In olden days a glimpse of stocking
Was looked on as something shocking
But now, God knows,
F. Scott Fitzgerald's The Great Gatsby, a socio-historical commentary, introspectively explores the self-struggle of Daisy Buchanan, an avant-garde feminist, who has been imposed by societal obligations and expectations, ironically she enforces the same "unacceptable" conditions upon her impressionable infant daughter. Effectively, Fitzgerald portrays Daisy as a symbol and catalyst of moral degradation of the societal norm.
Fitzgerald essentially misleads the audience as he presents Daisy Buchanan with a series of positive associations, all of which ultimately collapse under the ...view middle of the document...
Additionally, she abandons Gatsby in his death, and returns to patch up matters with Tom. Evidently, her values lie with money/power and the comfort they bring.
In addition, Fitzgerald gives the impression that Daisy’s motives of treating her daughter in a particular way are questionable. When her daughter is born, she hopes “she’ll be a fool” because “that’s the best thing a girl can be in this world, a beautiful little fool” (Fitzgerald, 20). She has experience in this area and surmises that women are constantly judged by their actions, either way, and so have no rightful place in the world. Daisy realizes that the vapid, individualistic society values beauty over brains and projects this unacceptable quality and ascribes it to her infant daughter, Pammy. The mother essentially deindividualizes her daughter instead of nurturing her daughter to develop into a wholesome young woman. At first, it seems as though she reacts to what she sees as the harsh judgment of the world by providing her daughter with a defense mechanism to combat with (she thinks it to be her purpose), or rather retreat into the shadows of a gender-imposed niche. However, the young infant is treated like an object (as Daisy is to Tom) during her open appearance in the novel, in which Daisy dismisses Pammy after flamboyantly parading her around to their guests. Daisy’s life revolves around herself, and she neglects her daughter, without batting an eye, just as Tom blatantly disregards and disrespects all women. To Daisy, Pammy is just another object, a status symbol of her wealth and aristocracy, which she flaunts. This loss of identity of mother and daughter was characteristic of the age, an age where feminism was slowly developing, but not quite.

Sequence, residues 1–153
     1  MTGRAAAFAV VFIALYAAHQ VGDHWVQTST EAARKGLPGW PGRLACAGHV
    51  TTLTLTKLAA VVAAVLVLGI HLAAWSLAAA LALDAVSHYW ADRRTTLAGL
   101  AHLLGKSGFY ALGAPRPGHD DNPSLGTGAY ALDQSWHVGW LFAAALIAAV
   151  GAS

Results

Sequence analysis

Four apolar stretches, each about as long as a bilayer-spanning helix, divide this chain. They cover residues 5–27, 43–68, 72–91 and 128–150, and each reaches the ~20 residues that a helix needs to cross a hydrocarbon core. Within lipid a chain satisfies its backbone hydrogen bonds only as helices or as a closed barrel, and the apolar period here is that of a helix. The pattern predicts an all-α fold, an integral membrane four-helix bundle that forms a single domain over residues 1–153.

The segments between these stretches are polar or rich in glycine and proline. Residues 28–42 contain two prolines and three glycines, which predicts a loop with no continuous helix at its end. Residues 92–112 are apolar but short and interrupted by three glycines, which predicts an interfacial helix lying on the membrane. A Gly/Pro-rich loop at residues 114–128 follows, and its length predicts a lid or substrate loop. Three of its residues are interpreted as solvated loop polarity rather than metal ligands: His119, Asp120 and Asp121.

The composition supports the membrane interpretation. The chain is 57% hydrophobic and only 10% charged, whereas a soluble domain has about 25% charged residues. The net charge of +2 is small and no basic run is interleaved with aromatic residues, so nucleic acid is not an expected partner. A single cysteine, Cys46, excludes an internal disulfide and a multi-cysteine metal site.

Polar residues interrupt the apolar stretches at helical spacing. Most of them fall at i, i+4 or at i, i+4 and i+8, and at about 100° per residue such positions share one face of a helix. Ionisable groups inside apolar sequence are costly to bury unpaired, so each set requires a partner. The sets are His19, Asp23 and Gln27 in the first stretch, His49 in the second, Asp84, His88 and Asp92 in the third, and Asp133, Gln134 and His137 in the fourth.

Furthermore, F. Scott Fitzgerald demonstrates the strain that Daisy faced throughout the novel, struggling to choose between being a strong independent woman or falling victim to society's oldest ideal of what a women should be. For the 1920s, known for the feminist movement, a group of women called...